Successful scientific contributions are equal parts serendipity, synthesis, integrity, and passion. My most-cited papers all have reflected ideas that happened to be in the right place at the right time – they pulled together competing perspectives, strived for scientific integrity, and were fueled by moral outrage. Of my most-cited work, our model for the two fundamental dimensions of social cognition – warmth and competence – best illustrates these principles.
When we are making sense of other people, we need to know immediately what the other individual or group intends toward us. Are they friend or foe? If they are on our side, then they seem trustworthy, sincere, friendly – in short, warm. If they are against us, they seem none of these. After inferring their intent, we need to know how capable they are of acting on it. If they have high status, we infer they are capable, skilled, effective – in short, competent.
This simple two-dimensional space has synthesis and predictive validity going for it. The combinations of warmth × competence describe common stereotypic responses to all kinds of people, whether at work or in societal groups around the world. For example, in most countries, their own citizens and their middle class generally are viewed as both warm and competent; people are proud of them. Homeless people and undocumented immigrants are stereotypically viewed as neither, and people report being disgusted by them. The mixed combinations are unique to this model: Older or disabled people are stereotyped as warm but incompetent, and people pity them. Rich or business people stereotypically come across as competent but cold; people envy them. Each combination elicits not only its distinctive emotional prejudices, but also a distinct behavioral response by the rest of society. So the model describes distinct stereotypes that predict both emotional prejudices and discriminatory tendencies.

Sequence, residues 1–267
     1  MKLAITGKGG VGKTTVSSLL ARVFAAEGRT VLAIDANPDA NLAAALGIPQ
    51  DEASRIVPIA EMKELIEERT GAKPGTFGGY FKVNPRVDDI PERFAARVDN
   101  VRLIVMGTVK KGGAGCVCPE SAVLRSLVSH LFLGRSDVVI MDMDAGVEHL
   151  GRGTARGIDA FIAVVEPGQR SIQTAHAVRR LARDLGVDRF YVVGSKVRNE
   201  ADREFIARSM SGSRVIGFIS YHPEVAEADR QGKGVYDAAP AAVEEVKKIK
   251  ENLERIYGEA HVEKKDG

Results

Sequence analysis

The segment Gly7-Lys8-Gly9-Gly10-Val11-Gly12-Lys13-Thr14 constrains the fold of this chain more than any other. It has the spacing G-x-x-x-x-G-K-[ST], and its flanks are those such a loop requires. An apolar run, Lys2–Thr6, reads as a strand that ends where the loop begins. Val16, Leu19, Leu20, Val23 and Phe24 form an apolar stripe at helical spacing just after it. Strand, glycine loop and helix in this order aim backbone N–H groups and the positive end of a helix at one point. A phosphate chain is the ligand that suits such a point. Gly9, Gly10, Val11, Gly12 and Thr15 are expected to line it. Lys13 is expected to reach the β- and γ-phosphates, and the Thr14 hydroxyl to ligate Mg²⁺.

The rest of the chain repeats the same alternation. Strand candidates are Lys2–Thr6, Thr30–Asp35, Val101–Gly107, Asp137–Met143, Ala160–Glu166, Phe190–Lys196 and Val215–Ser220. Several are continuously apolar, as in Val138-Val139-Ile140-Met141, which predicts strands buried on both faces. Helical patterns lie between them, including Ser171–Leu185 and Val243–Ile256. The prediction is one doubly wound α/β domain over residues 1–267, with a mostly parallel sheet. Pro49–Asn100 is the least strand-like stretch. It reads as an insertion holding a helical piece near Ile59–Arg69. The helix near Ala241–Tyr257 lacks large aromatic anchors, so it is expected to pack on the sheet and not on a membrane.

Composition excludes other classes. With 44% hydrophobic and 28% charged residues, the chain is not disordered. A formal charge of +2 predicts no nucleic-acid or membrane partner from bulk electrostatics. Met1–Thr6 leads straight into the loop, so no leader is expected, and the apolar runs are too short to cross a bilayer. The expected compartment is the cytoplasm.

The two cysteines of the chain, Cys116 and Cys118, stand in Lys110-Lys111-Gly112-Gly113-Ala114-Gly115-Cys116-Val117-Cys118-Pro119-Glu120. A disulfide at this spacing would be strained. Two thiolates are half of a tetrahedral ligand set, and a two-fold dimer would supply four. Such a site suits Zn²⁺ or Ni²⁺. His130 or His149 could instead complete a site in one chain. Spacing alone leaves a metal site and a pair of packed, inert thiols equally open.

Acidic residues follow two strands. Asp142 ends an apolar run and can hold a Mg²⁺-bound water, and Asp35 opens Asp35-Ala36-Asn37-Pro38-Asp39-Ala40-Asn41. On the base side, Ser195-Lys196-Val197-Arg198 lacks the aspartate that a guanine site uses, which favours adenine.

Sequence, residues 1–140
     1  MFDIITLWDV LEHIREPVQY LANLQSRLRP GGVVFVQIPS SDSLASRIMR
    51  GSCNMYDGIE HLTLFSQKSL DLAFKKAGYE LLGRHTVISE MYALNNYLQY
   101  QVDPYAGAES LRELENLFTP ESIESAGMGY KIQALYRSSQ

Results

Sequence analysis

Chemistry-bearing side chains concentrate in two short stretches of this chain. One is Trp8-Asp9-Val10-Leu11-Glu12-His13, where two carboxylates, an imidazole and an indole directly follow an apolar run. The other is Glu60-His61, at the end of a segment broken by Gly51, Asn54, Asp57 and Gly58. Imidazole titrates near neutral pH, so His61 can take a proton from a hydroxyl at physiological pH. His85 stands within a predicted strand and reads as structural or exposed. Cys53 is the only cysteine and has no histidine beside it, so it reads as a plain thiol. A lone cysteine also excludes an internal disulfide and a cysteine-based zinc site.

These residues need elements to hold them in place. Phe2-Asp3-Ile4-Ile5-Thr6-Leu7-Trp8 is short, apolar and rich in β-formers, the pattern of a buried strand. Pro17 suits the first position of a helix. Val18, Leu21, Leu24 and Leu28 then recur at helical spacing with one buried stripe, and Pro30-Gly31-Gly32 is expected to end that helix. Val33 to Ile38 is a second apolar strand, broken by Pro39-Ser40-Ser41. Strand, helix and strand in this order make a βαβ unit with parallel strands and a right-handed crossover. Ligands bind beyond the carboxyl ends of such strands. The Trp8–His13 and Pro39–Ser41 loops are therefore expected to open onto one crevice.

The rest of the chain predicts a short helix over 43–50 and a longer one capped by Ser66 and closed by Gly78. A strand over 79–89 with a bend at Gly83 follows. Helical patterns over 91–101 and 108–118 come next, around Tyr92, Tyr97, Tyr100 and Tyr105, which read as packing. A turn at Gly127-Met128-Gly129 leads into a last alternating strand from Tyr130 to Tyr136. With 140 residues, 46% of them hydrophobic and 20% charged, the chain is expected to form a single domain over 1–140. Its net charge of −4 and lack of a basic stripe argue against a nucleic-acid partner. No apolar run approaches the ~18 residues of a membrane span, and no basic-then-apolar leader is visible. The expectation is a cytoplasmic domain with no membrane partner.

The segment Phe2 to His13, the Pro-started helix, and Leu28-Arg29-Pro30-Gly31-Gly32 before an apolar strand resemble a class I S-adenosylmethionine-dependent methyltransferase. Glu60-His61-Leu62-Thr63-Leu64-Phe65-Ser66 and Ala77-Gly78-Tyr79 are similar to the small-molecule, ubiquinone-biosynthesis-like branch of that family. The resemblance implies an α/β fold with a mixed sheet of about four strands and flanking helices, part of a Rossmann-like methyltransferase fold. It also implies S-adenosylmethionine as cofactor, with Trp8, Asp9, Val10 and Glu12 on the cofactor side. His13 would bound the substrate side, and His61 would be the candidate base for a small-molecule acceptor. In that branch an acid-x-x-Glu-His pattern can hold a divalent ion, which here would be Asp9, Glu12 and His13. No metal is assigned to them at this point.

The stereotype content model has proved useful in dozens of countries around the world, allowing us to compare across cultures. For example, any group without an address – migrants, refugees, Roma (gypsies), Bedouins (desert nomads), hobos – is viewed with distrust and contempt across the globe. Likewise, rich people are envied, yet resented as competent but cold everywhere, regardless of whether being rich is simply associated with social class or with an outsider entrepreneurial group (e.g., Jewish or Chinese people in various times and places).